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When you think of menopause, the first symptom that comes to mind is probably the dreaded “hot flash.”
Hot flashes are the #1 most common symptom women experience as they enter perimenopause—the transitional period before menopause. Sudden, spontaneous, sweat-inducing hot flashes seem to be the hallmark of the hormonal changes associated with menopause. Yet, for some women, the menopausal journey brings an opposite (yet equally severe) symptom:
What is a Cold Flash?
Suddenly overcome by a freezing, tingling feeling?
It could be a cold flash.
Your cold flash may also be accompanied by shaking, shivering, paleness, or numbness.
While cold flashes might be considered an atypical perimenopause symptom, based on the accounts of numerous women who’ve experienced them, they may be more common than previously thought.
Both hot and cold flashes are considered menopausal vasomotor symptoms. That’s medical speak for symptoms related to your body temperature.
One of the ways your nervous system regulates your body temperature throughout the day is by dilating (opening) or constricting (closing) your blood vessels.
Closing the blood vessels (vasoconstriction) warms the body by reducing heat loss from the skin’s blood vessels. When blood vessels open (vasodilation), it cools the body by increasing heat loss from the skin’s blood vessels.
What Causes Cold Flashes and Hot Flashes?
As you enter perimenopause and menopause, your body produces less estrogen, the hormone responsible for regulating the menstrual cycle.
But that’s not all estrogen does: the hormone plays a role in metabolism, cholesterol, blood sugar levels, collagen production, bone and muscle mass, brain function (hello, inability to focus!), and …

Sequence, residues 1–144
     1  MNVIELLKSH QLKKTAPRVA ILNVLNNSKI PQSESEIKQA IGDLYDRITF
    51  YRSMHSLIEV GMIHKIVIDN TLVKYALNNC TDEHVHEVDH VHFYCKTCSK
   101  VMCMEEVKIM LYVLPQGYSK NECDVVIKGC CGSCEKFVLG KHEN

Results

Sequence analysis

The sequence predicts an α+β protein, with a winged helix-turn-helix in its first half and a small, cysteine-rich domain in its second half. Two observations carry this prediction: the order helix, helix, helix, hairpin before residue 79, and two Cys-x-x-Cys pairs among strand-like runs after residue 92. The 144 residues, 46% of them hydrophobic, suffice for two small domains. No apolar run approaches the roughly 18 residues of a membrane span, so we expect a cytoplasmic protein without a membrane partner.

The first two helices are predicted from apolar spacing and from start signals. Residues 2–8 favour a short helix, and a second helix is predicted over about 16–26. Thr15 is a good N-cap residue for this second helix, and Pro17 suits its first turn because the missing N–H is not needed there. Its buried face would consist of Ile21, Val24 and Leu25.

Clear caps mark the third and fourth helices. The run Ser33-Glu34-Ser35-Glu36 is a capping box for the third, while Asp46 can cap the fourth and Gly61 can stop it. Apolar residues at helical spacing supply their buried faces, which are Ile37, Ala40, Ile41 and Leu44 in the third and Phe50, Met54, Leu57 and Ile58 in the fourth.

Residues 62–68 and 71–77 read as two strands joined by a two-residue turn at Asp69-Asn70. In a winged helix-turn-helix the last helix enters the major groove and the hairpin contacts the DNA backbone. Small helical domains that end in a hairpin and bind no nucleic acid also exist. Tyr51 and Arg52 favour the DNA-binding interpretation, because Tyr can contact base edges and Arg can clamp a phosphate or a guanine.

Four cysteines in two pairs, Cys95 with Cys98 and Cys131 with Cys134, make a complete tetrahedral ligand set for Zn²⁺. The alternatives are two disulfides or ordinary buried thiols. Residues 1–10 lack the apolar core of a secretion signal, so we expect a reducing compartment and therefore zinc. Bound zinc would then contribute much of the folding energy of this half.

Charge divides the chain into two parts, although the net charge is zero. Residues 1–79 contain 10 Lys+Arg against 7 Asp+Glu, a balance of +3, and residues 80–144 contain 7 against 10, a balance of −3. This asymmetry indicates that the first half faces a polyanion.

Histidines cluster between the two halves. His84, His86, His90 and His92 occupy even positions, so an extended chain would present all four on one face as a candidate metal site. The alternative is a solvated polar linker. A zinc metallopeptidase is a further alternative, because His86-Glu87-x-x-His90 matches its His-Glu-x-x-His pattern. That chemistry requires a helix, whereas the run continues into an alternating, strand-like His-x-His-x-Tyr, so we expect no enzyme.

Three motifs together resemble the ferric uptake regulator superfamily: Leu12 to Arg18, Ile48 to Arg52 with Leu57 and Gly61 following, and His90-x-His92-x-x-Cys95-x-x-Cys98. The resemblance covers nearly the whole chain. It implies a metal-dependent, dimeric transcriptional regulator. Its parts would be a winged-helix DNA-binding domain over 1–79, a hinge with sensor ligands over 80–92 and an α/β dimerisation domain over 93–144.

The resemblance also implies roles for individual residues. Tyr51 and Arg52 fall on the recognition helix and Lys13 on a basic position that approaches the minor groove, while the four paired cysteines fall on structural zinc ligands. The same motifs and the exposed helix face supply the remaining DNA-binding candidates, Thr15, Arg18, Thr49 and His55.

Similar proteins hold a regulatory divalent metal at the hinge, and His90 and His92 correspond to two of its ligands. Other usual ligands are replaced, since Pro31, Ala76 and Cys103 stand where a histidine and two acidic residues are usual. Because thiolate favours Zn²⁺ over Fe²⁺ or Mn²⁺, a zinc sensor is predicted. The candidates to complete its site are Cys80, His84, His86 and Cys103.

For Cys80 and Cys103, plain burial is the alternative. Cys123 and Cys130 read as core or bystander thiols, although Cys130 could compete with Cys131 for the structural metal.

Researchers believe ovarian estrogen withdrawal is the trigger that leads to the oh-so-common hot flashes and less-common cold flashes.
As estrogen levels drop, the hypothalamus—the part of your brain responsible for regulating body temperature—becomes overly sensitive, leading to unstable temperature regulation.
10 Ways to Get Rid of Cold Flashes
Though less common than hot flashes, cold flashes can be just as disruptive, particularly at night. Since a good night’s sleep can be elusive during this phase of life, learning how to manage cold flashes may significantly improve the quality of your sleep.
- Limit caffeine and alcohol, as they can disrupt your sleep and influence your body’s temperature regulation system.
- Avoid sugar, spicy foods, and nicotine, which can trigger cold or hot flashes.
- Be prepared with extra clothes at work, in the car, or on hand to layer up when you experience sudden temperature changes.
- Stay active to increase blood flow and help warm up during a cold flash.
- Practice relaxation techniques, such as deep breathing or stretching, to ease anxiety and lessen the severity of stress and perimenopausal symptoms.
- Wear socks at night to keep your feet warm in the event of a cold flash.
- Adjust your diet to a hormone-balancing diet that’s rich in Vitamin C and low in sugar.
- Ask your doctor to check your Vitamin E and Magnesium levels — and supplement if needed.
- Explore herbs that balance and support hormones, such as maca root powder, red ginseng, chasteberry, St. John’s wort, or cannabis.
- Ask your doctor about bioidentical hormone therapy or prescription hormone therapy.
What Else Can Cause Cold Flashes?
Cold flashes may be a less-common symptom of menopause, but that’s not the only reason you may experience a sudden onset of freezing and shivering symptoms. Cold flashes can also result from panic attacks or anxiety, which cause the release of adrenaline and other stress hormones that affect the body’s ability to regulate temperature.
While hot flashes are the most common menopause symptom, cold flashes can be equally unpleasant. It’s too bad that we can’t trade our cold flashes for hot flashes and vice versa.
If cold flashes are disrupting your sleep, work, or life, or you’re unsure about what’s causing them, be sure to see a trusted medical provider. Both cold and hot flashes may be common harbingers of menopause, but that doesn’t mean you have to suffer from either.
[If symptoms of menopause are something you are currently struggling with, grab 99 Symptoms and One Root Cause for a more natural approach to hormone regulation.]